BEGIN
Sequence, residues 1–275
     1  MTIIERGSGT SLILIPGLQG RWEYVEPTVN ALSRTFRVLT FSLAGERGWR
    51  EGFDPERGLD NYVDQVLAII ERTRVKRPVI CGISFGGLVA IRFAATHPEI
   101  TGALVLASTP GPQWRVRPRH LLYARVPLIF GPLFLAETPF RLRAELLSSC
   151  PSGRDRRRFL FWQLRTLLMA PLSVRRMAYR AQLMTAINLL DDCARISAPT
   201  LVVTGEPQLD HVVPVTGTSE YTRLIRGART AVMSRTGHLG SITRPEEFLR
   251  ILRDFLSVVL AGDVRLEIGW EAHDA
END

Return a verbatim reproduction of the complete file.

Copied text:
Sequence, residues 1–275
     1  MTIIERGSGT SLILIPGLQG RWEYVEPTVN ALSRTFRVLT FSLAGERGWR
    51  EGFDPERGLD NYVDQVLAII ERTRVKRPVI CGISFGGLVA IRFAATHPEI
   101  TGALVLASTP GPQWRVRPRH LLYARVPLIF GPLFLAETPF RLRAELLSSC
   151  PSGRDRRRFL FWQLRTLLMA PLSVRRMAYR AQLMTAINLL DDCARISAPT
   201  LVVTGEPQLD HVVPVTGTSE YTRLIRGART AVMSRTGHLG SITRPEEFLR
   251  ILRDFLSVVL AGDVRLEIGW EAHDA